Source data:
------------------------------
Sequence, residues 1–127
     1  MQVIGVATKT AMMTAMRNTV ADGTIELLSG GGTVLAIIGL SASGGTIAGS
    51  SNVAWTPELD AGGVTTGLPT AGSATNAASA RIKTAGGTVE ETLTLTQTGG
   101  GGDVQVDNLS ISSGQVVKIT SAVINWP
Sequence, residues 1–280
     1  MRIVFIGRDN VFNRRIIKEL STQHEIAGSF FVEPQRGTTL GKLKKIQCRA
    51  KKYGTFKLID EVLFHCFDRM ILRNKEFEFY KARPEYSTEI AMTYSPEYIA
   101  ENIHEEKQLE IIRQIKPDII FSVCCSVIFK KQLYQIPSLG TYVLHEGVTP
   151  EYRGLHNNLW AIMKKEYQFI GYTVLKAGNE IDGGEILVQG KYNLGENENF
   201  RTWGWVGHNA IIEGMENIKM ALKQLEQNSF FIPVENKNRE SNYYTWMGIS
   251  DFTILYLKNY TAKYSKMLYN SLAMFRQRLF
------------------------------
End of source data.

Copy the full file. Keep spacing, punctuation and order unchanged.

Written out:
Sequence, residues 1–127
     1  MQVIGVATKT AMMTAMRNTV ADGTIELLSG GGTVLAIIGL SASGGTIAGS
    51  SNVAWTPELD AGGVTTGLPT AGSATNAASA RIKTAGGTVE ETLTLTQTGG
   101  GGDVQVDNLS ISSGQVVKIT SAVINWP
Sequence, residues 1–280
     1  MRIVFIGRDN VFNRRIIKEL STQHEIAGSF FVEPQRGTTL GKLKKIQCRA
    51  KKYGTFKLID EVLFHCFDRM ILRNKEFEFY KARPEYSTEI AMTYSPEYIA
   101  ENIHEEKQLE IIRQIKPDII FSVCCSVIFK KQLYQIPSLG TYVLHEGVTP
   151  EYRGLHNNLW AIMKKEYQFI GYTVLKAGNE IDGGEILVQG KYNLGENENF
   201  RTWGWVGHNA IIEGMENIKM ALKQLEQNSF FIPVENKNRE SNYYTWMGIS
   251  DFTILYLKNY TAKYSKMLYN SLAMFRQRLF